Will this particular change have any real impact on the security of buildings along the coastline?

“I don’t think the change from a three year to six year cycle will have any significant effect,” says Paul Beers, managing member of Glazing Consultants International in West Palm Beach, Fla. North Carolina’s “weakened” code, as laid out by IBHS, may be more geared toward residential construction. “My experience of late has been that informed homeowners will seek out impact-rated glazing for insurability reasons. Quality wind insurance has become very difficult to acquire and without proper impact protection, it makes things even worse. Some of [North Carolina’s] changes may help those who are solely focused on a low construction cost get by with inadequate or no impact protection,” Beers says, adding, “This will all depend upon if and how the code is enforced by local jurisdictions in coastal areas.

Ruark adds, “IBHS is making the point that we might change some things that are found to be instrumental and we want to get them in place … So I would say it has the potential to weaken the code to not get a major change through as quickly.”

Ruark further suggests that the IBHS’ concern reflects the research being done on hurricanes’ impact of insurance and construction costs. “They are trying to say ‘these are the line items that are costing the insurance industry the most, and there are really big improvements we have to make there, and here are some things that we spend a huge amount of money on to build each home and we’re not seeing any failures there. Maybe we’re doing it right or maybe we’re overdoing and there’s some research that says we can spend money in places that make a little more sense,’” Ruark says.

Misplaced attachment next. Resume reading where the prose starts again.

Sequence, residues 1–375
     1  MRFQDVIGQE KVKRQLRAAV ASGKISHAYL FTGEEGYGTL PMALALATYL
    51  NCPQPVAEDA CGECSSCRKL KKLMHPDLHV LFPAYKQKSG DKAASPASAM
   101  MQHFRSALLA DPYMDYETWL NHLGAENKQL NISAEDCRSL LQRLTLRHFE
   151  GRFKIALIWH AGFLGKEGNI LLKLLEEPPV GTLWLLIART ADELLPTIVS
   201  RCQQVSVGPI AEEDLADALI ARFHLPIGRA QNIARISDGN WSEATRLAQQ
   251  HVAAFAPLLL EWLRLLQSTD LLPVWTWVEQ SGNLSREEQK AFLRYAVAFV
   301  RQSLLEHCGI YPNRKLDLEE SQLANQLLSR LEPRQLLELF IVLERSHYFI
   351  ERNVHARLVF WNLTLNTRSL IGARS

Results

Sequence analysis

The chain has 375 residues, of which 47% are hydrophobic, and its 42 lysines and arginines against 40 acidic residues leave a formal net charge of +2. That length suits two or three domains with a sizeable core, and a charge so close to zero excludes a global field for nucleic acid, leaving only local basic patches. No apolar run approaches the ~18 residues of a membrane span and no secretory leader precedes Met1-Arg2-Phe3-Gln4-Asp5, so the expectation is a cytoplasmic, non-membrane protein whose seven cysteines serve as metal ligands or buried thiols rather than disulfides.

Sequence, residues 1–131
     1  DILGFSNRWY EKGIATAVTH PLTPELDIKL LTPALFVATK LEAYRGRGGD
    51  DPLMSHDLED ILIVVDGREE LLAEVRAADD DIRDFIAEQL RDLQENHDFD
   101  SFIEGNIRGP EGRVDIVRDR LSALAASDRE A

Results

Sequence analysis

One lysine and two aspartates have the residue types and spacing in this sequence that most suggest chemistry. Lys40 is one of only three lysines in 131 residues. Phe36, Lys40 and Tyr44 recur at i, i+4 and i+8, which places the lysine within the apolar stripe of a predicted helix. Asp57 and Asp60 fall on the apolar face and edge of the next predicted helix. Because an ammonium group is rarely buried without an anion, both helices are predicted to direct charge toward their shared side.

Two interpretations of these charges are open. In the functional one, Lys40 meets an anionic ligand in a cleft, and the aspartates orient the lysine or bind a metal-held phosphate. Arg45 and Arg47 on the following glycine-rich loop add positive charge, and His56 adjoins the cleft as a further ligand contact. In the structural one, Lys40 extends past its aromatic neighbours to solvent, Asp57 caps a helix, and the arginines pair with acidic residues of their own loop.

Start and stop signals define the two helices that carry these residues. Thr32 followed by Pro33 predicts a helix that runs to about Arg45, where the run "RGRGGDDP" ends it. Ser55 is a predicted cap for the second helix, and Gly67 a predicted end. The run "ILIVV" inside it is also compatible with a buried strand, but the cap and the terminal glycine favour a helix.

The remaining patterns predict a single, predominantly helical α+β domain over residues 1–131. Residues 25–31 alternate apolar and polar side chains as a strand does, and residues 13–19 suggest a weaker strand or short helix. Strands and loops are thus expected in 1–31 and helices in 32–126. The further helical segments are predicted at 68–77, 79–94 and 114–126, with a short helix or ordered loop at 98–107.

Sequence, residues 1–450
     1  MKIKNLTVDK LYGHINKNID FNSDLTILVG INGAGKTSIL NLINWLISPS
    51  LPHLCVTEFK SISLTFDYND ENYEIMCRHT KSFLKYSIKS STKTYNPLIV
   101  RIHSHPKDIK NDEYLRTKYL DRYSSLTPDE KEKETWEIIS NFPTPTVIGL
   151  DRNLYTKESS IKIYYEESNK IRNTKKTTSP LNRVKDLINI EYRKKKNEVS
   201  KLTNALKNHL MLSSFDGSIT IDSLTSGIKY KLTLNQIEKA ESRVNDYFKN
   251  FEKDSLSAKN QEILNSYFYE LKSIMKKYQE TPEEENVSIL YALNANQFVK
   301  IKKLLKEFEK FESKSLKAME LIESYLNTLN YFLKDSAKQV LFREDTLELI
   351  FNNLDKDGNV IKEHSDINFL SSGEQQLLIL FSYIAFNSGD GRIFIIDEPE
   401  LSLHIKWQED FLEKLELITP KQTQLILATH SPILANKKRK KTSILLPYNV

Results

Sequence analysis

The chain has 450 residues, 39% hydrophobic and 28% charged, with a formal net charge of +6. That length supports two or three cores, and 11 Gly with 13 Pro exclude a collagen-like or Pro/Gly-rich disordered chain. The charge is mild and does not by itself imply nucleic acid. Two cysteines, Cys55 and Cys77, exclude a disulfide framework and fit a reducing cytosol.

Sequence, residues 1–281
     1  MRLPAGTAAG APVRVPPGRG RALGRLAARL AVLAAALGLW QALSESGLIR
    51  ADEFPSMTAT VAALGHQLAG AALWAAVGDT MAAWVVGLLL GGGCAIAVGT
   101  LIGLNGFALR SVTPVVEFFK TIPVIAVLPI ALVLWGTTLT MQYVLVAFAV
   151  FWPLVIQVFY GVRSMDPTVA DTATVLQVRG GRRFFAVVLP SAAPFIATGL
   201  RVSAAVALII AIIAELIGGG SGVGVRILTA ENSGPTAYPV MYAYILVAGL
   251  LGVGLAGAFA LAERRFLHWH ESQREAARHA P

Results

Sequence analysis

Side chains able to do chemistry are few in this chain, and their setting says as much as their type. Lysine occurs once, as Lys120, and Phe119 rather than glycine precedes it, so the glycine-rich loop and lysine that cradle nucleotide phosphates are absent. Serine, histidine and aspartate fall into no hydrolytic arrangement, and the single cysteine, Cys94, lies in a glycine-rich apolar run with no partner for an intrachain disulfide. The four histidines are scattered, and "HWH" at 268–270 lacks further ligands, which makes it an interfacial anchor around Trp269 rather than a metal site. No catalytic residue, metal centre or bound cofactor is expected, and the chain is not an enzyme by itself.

What’s Enforced Where?
While the 2013 IBHS report focused on encouraging states to do more to protect their residents from hurricanes, it noted that many states have stepped up to adopt, and better enforce, the 2012 IBC. For example, in 2013 Maryland enacted a law preventing local jurisdictions from weakening statewide wind design and windborne debris requirements. New York City adopted its own code based on the 2009 edition of the IBC, set to go into effect in October 2014, moving the rest of the state toward updated codes. Following the IBHS report, Mississippi signed into law an act to adopt one of the last three adopted editions of the IBC and other relevant codes as of August 1, 2014.

So how does this affect glass companies?

To some degree this depends less on what the code says and more on how it is enforced.

“We heard a lot of buzz right after Hurricane Sandy [in October 2012] and a lot of folks asked ‘are you going to see a much bigger market?’” Ruark says. The answer to that question is still “no.” Ruark explains, “We haven’t seen major changes yet. We do sell some impact-resistant product along the Eastern seaboard, but it sure hasn’t gained the traction that Florida has. I think a part of it has to do with enforcement of the code because it really is already required up there in some instances.”

“In general, codes are very well enforced. However, it depends on the area,” says Steve Dawson, executive vice president of sales for CGI Windows and Doors Inc. in Miami. “We find the best course is to follow the code to avoid any issues.”

But with all of these changes and piecemeal code adoption, it can be difficult to keep track.

To keep abreast of code changes as they arise, Dawson advises, “Join the trade organizations in your area that monitor these. Participate in the state code meetings and conference calls when changes are being discussed.”

Architects' Guide to Glass & Metal